A Brief History
From 50 AD St. Paul established Christian communities throughout Asia Minor, especially along the coast. His first journey took him to Attalia (Antalya). His last was to take him to Rome but instead left him shipwrecked in Patara, 45 minutes along the coast from Oludeniz.
Patara has an impressive history. Not only was it one of the principal cities and trading centres of Lycia, it was also the birthplace of St. Nicholas, the Bishop of Myra, whose outstanding efforts to give to those in need formed the basis of our modern day Santa Claus. It was here that St. Paul settled and carried out important missionary work.
In 325 AD Constantine at Nova Roma (Istanbul) ordered a synod to be held to consolidate the beliefs of the Christian communities. The Bishops of Christendom attended, including the Bishop of Myra (St. Nicholas). Records show that Nicholas came to Symbola (Oludeniz) more than once, visiting the church of the Archangel and the church here at Ecclesia, St. Demetrius.
 
After the acceptance of Christianity as the official religion, Christian communities grew along the coast. Oludeniz and the surrounding bays offered ships good anchorage and were en-route to Jerusalem, making them ideal places to settle. There are the remains of six churches in Oludeniz and Gidrak, and a number of others on nearby islands, leading historians to believe that the entire region was most likely a place of teaching and pilgrimage.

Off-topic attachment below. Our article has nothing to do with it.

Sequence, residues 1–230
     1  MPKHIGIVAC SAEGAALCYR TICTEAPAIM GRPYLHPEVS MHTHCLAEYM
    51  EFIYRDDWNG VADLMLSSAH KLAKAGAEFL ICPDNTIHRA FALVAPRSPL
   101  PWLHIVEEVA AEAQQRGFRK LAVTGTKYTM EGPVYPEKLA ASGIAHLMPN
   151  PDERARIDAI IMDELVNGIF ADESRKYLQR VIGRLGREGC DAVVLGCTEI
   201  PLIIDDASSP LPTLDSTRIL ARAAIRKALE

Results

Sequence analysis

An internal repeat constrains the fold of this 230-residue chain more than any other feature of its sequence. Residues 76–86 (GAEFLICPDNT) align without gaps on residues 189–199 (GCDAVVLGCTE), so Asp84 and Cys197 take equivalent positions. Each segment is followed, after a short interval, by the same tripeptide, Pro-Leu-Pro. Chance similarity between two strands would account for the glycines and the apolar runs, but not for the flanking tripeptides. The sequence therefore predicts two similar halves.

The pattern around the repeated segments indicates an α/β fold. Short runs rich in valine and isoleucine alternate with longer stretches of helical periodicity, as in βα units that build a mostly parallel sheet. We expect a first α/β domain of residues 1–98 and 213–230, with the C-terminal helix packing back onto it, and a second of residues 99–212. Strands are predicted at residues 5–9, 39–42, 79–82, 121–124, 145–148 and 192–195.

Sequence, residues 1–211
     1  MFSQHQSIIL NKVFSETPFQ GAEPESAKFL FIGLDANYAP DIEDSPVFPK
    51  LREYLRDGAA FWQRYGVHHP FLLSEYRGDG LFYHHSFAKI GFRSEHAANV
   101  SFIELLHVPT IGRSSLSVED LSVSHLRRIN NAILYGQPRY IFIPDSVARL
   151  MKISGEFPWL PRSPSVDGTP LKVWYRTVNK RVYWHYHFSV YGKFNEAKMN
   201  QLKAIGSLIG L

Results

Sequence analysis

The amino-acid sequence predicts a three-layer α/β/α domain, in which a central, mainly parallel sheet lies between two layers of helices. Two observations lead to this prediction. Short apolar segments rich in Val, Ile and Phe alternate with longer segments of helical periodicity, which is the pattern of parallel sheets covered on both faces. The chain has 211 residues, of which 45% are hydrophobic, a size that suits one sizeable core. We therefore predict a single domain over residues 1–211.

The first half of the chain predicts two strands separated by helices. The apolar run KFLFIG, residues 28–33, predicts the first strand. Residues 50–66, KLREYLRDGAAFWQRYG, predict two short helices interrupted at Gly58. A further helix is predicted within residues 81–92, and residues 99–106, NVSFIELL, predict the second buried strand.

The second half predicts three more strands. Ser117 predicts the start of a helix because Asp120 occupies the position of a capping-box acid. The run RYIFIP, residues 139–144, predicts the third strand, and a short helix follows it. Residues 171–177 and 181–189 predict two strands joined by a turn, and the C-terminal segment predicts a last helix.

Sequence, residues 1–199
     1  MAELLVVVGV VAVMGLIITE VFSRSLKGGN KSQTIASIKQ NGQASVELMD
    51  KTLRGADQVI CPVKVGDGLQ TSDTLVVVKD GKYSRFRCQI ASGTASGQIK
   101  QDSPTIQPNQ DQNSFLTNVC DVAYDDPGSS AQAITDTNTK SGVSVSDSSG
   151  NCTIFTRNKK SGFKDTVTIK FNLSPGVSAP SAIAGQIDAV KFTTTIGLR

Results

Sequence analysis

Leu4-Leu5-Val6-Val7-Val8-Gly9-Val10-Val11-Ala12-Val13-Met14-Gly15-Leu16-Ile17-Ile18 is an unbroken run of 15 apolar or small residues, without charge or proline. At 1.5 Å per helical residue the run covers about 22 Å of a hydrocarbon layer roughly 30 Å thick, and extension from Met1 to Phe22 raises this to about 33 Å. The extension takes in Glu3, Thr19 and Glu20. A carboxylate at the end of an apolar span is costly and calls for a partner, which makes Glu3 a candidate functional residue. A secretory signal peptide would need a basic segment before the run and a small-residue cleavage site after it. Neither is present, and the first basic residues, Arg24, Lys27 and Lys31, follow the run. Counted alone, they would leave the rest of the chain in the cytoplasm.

St. Demetrius was the largest church in the area. Its barrel vault construction was most likely built using spoilage left over from the Roman period.
The Church Interior
The construction would have started from the apse and worked West. The Basilica consists of a wide apse with a chapel to its right, a central nave, and two side naves, the North being the wider. The floor of the narthex bears a mosaic dedication to two donors, Stephanus and Euchutios. Additional mosaics have been discovered, including a rare, vibrantly coloured pomegranate. Behind stood a rectangular, open-air atrium allowing views of the church through its columns and juniper or cedar beams. This area may also have housed a reflective pool, as no cistern has been found.
During the 7th Century the area was pillaged by pirates from the North African coast and the church was burnt down. As a result, the majority of the mosaics were damaged by falling debris. Thankfully the mosaics in the Northern nave still remain in excellent condition despite 1300 years of abandonment, and are a highlight of the church.
Today St. Demetrius is covered by protective roofing to allow restoration on the mosaic floor to continue during the winter months. It is our hope that the work will reach completion in the next few years.